If you didn’t cry while reading this, then you’re made of sturdier stuff than me. I think the most egregious part of this, was this story was based on my school and my friends, and I am the speaker in this piece. Let me assure you that I, nor any other sane individual, have ever uttered anything resembling these words. Just look at the drama of “this is our world” and “welcome to the fold”, the ludicrous exposition of “we are a unit of five”, the needless reminder that the character is a “newbie”.
Now let us take a look at following atrocity – an attempt at some serious drama between a husband and wife from around the same period of my life:
Believe it or not, it was difficult to pick out the most cringe-worthy excerpt in this chapter that showcases Jason, the most annoying character that I ever created. The biggest sin of this particular piece of dialogue is the “I need to show a character’s personality and I will burn cities to get there faster” trope. Look how unreasonable Carla is – “shouting” and “complaining”. Look at her completely ludicrous statements about soccer, her weird insertion of “therefore” and lack of contraction in “you are”. Nobody talks like this, except when they’re written by a stupid male teenager going “hurr durr, bad wife”. This is dialogue that has become completely subservient to the plot, and Jason’s three hastily tied-together clauses in his second line of dialogue really seals that.
I would also note that there’s four dialogue tags that aren’t the word ‘said’ – editorializing the speech instead of letting it flow.
While we’re on the theme of couples arguing, let’s fast forward a few years into my college days, with an excerpt from a screenplay I had written:
This doesn’t quite make my stomach turn in the same way but the dialogue is still ridiculously stiff. Cali’s first line is a bit of an edgy eye-roll, and the “so why be pissed” line just doesn’t sound like something a person would say and would be better off as “So why are you pissed?” or “so why insist on being pissed?” But even if we change it to that, it’s still a bit of a non-sequitur for Cali’s line – just because you like someone, doesn’t mean you won’t be mad at them for any reason. Of course, reading the whole exchange together you can see why I had tried to beat this dialogue into submission – its entire purpose was to lead to that final line, which, again, is some serious edgelord shit.
Now, since we’ve already established a theme, let’s fast forward an entire decade to a story I finished a couple of years ago, where a young couple is arguing over their future, and where they ought to live:
Wanting to use this in the context of showing improvement in my writing makes me have a particularly critical eye to this bit of dialogue as well. I’m still not the biggest fan of that first line – it’s a bit on the nose but doesn’t sound entirely unnatural. And I’m not sure how evident it is, but there was a definite intention to lead the whole conversation down to that final line, where the male narrator says something he immediately regrets. But let’s see what’s improved. Firstly, for you, who has no context for this story, the lack of dialogue tags probably immediately jumps out. I use them sparingly now especially where a lively conversation jumps between people as it does between these two. And the dialogue comes at you more in clauses rather than full long sentences, which does a better job of replicating how people actually talk.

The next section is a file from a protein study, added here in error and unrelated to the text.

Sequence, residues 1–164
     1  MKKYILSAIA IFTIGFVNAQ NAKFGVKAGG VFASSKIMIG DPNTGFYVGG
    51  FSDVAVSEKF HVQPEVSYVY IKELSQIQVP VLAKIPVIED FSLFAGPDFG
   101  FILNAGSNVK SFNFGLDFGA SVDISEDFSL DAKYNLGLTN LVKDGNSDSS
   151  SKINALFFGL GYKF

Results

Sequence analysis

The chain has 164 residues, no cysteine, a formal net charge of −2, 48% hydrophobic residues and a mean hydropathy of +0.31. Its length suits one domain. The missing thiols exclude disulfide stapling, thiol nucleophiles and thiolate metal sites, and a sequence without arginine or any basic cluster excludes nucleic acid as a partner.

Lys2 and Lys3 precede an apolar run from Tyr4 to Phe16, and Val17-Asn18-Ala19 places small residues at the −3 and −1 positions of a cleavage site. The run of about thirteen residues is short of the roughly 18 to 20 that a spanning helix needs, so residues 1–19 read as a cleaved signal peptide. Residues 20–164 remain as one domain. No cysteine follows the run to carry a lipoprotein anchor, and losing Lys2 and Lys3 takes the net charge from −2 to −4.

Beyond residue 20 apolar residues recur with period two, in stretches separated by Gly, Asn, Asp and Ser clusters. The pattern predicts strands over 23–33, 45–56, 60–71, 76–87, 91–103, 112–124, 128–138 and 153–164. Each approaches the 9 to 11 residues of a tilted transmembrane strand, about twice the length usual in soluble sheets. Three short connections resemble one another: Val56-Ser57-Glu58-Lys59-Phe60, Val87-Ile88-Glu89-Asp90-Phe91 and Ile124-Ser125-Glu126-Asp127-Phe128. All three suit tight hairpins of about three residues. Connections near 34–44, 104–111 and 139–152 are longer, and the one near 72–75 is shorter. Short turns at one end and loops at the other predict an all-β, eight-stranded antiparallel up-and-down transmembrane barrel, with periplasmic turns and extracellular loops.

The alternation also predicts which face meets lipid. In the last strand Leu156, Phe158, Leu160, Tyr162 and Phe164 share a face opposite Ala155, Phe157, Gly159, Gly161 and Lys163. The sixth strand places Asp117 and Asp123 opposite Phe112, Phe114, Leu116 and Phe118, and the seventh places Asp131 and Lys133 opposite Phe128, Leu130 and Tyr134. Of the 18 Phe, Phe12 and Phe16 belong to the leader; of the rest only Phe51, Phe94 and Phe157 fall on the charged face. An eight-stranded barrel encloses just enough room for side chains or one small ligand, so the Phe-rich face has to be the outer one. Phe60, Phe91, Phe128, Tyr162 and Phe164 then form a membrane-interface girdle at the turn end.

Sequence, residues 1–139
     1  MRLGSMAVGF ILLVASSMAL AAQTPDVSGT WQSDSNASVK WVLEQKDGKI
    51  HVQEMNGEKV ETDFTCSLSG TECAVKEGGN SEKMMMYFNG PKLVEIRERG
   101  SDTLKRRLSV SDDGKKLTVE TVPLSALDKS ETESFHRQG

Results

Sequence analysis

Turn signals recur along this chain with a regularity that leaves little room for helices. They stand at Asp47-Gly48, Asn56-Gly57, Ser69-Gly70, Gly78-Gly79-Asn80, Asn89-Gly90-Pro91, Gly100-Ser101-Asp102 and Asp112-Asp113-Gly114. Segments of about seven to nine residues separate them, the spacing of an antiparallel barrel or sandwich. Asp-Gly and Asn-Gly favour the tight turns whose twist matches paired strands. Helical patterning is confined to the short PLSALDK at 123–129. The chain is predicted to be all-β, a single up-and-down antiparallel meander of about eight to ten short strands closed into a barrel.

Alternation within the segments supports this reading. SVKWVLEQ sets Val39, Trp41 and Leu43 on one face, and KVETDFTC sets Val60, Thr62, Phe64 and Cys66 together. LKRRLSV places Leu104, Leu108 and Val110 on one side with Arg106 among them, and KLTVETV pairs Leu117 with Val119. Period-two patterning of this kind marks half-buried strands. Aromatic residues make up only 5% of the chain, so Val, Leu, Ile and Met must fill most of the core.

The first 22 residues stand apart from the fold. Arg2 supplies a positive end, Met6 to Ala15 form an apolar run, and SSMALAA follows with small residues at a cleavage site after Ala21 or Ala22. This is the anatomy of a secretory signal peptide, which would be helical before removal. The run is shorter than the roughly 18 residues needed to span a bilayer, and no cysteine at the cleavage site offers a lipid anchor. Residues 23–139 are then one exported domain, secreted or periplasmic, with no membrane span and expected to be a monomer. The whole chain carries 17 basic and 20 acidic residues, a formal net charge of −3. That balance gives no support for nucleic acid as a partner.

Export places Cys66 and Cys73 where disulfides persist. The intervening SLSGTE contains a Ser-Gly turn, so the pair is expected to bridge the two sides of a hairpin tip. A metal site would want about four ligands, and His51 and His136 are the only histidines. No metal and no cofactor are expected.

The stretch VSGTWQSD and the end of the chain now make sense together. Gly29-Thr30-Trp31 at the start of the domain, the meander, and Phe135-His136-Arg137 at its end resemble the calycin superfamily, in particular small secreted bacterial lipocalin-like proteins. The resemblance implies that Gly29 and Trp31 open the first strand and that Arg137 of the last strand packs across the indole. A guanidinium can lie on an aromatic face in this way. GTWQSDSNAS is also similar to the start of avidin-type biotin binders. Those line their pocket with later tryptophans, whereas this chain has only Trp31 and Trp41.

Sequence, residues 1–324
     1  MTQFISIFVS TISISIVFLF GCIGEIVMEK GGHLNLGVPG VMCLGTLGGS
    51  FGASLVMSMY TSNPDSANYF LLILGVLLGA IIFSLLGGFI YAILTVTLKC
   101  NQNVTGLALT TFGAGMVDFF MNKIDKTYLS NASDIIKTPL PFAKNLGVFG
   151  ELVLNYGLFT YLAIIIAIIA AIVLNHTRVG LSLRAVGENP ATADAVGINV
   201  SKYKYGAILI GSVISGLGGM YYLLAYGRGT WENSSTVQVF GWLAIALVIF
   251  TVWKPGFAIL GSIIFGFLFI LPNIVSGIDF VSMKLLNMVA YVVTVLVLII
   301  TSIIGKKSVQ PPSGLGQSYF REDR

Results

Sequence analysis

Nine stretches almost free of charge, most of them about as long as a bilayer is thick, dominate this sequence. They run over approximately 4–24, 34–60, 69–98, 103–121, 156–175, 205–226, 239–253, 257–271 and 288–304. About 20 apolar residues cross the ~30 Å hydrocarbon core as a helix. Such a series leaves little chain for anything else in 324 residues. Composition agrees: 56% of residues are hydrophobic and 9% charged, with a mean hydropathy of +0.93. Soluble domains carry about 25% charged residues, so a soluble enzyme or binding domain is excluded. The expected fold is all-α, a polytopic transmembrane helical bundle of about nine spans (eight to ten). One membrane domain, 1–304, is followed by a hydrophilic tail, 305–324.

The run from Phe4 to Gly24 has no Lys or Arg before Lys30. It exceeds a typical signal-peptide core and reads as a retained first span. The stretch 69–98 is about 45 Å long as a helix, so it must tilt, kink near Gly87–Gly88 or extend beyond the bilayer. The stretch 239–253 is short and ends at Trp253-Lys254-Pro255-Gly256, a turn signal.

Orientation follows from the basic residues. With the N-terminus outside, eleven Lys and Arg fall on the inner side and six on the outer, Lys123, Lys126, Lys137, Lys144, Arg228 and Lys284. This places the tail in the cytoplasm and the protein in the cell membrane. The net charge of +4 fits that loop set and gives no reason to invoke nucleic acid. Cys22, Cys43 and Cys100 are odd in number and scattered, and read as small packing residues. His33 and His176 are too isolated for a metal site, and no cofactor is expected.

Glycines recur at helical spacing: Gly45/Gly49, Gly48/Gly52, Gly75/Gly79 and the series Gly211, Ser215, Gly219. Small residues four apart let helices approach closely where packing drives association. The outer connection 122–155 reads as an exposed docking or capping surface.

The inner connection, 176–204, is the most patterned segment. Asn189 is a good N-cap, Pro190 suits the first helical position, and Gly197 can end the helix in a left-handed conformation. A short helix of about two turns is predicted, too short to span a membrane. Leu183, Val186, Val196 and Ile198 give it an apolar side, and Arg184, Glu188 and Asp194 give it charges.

I think even while fairly critiquing this last example, concessions can be made that my dialogue writing has shown vast improvement over the fifteen or so years represented here. There’s a few things I’ve gotten in the habit of doing to improve, and I wanted to share these here.
One technique that I frequently use, which is endorsed by one of my creative idols, Lin-Manuel Miranda, and that is assuming the identity of your characters and having a conversation with yourself. This might mean having to dig in and channel any drops of thespian blood you might have, so that you can actually inhabit the characters and give justice to their voice. Because let’s face it, I don’t know about you, but I’d rather visit the dentist than have to read a whole book where it’s just basically five copies of me talking to each other.
I often hear the advice that reading your work aloud is the best form of editing – allowing you to easily pick up typos and awkward sentences. While I often skip over this, given that I edit in places where I can’t be freely talking to myself, I want to stress that nowhere is this more important than dialogue. It makes sense, given that the words in the story are spoken out loud, and so the best test of them would be to actually listen to them. You don’t know how many times something looked passable on paper and then when I say it I realize no one would structure a sentence like this in natural speech.